Conditions Of Change

Gleeson suggests, to analyse the potential for change we should understand the conditions of change (Gleeson et al., 2002, p. 2). The essay begins by explaining the difference between top down reform and bottom up change, followed by, an analysis of the prevailing culture. Thus follows an analysis for the potential for 'deep change'. Evidence from case studies and the intentions of the NCCA are considered in determining this. The contested meaning of curriculum and the values to be included is then examined, followed by, curriculum policy in Ireland. Finally the essay explains partnership and outlines the benefits of consultation/partnership in curriculum design by drawing on personal experience. This essay suggests a new phase in Irish education beckons offering the potential for change, with consultation and partnership showing elements of success in curriculum design

Reform and change
Top down reforms are usually politically driven, focus on reorganising and 'have little to say about educating' (Goodlad cited in Fullan 1994 p.3). It tends to be 'bureaucratic rather democratic'(McDonald cited in Sugrue 2004 p.195) An example of reform in the Irish education system is the Junior Cert (Daly 200) but it has ended up being a dry run for the Leaving cert (Press release 2012). A bottom up change is initiated [on site] by teachers, pupils and students which results in more 'buy in' from those involved in implementing it. Transferring decision making from centralised [top down] control to site based control [bottom up] does not necessarily change 'the teaching-learning core of schools' (Fullan 1991, p.201). However both models applied individually demonstrate problems, what is needed is a blend of both (Fullan 1994). Gleeson suggest a systematic approach that supports the change process in a way that takes account of 'idiosyncrasies of individual schools' (Gleeson p.22) and this is reinforced by Fullan (1992) even though this lacks evidence. It should be driven by a bottom up approach and critically involve the 'key agents of change ' schools, teachers and students' (NCCA 2010a p3).
Fullan (1992) says the key reason change does not begin or is not followed through is that the structure is 'weak, unhelpful, or working at cross purposes' (Fullan 2007 p18). In order to have real reform, assessment practices, need to change as 'assessment is the tail that wags the curriculum dog' (Bredekamp and Rosegrant, 1992:29). Deep and lasting reform requires 'changes in beliefs and understanding' (Fullan 2007 p 37). Deep and lasting change will only be attained through 'the experience of learners, the work of teachers and the life of schools' (NCCA 2010b p.15) with the critical components of deep change being the focus on 'school and teachers' (Sugrue 2004, p.121)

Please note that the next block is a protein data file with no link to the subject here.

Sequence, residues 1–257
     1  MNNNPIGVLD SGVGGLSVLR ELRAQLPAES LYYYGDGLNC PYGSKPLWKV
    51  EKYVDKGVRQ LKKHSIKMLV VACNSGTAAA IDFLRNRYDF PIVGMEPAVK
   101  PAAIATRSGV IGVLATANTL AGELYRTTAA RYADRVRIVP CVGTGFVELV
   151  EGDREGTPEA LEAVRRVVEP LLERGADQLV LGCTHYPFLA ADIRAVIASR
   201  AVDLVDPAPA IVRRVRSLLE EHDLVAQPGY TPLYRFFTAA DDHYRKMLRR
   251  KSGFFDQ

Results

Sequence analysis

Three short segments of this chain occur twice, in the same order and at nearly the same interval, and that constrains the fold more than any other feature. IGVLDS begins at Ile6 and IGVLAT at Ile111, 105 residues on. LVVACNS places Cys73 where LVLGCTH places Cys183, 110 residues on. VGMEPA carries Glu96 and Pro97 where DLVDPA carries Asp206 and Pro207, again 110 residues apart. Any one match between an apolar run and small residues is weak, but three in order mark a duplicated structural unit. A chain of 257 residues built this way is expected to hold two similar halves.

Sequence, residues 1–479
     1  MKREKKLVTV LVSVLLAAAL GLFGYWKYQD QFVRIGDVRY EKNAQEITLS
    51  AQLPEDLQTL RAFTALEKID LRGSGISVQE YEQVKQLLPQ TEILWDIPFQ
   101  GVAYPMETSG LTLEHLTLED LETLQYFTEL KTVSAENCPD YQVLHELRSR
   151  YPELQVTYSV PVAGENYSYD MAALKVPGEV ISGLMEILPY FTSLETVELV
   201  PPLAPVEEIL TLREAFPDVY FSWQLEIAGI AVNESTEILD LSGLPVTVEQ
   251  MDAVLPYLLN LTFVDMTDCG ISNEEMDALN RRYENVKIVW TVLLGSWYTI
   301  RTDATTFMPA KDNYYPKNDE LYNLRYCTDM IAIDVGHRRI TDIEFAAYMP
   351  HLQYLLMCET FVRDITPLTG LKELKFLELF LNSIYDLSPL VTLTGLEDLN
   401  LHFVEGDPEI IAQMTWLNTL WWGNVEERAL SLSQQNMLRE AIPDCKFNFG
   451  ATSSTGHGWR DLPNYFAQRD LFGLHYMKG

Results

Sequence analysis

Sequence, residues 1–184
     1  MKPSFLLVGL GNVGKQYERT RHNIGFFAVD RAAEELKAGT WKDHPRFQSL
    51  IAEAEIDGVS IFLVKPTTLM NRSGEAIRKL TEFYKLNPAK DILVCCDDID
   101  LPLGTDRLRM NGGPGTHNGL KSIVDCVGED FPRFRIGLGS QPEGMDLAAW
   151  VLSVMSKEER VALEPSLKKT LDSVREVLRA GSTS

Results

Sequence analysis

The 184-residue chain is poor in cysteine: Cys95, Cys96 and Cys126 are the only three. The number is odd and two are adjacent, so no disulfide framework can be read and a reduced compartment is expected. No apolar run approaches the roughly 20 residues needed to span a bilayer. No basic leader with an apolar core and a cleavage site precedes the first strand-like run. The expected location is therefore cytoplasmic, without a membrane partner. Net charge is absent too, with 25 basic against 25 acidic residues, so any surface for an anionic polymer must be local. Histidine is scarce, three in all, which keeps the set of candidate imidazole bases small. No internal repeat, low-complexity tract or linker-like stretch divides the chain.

Prevailing culture
Ireland's education system is characterised by a technical paradigm (Gleeson 2009, Sugrue 2004) which has a negative impact on school culture as we fail to debate on real meaningful change or philosophy of education (Hennessey 2014b).
Goodson identified 3 phases in educational change; Internal, external and personal change (Goodson 2001). Ireland's history of a top down model, resulting in external implementations has not been successful so far - the current junior certificate. External mandating of change and failure to recognise the role of the school, teacher and student does not suggest a promising adoption of Goodson's third phase; a personal change (Gleeson 2002) which is necessary for deep and lasting change as noted. There is a lack of personal and professional commitment which is necessary (Sugrue 2004)
Ireland's education has a tradition of theocratic ideology (O'Callaghan 2014) with classical humanist ideals and a technical paradigm (Gleeson 2009). It is now adopting a neoliberalism mentality but a technical paradigm still exists. The neoliberalism ideals seem to have set in unnoticed in society (Hennessey and McNamara 2013). Teacher 'conformity '(Ryan and Weinstein 2009, p.229) and ideals of accountability and performativity - OECD objectives for education by 2020 (Murphy 2014) and the neoliberalism ideals (Lynch 2014) will not help movement to a more practical/critical emancipatory paradigm [concerned with meaning, relationships and questioning the taken for granted] and ultimately a more systemic approach. The proposed framework is attempting a systematic approach and implement Goodson's 3rd phase. It is now in the 4th stage of curriculum reform and change; implementation (Hennessey 2014c). A new approach for the junior cycle beckons and when it begins, change and reform will be 'going in both directions both in and out from school' (Goodson 2001 p 57).

The potential for deep change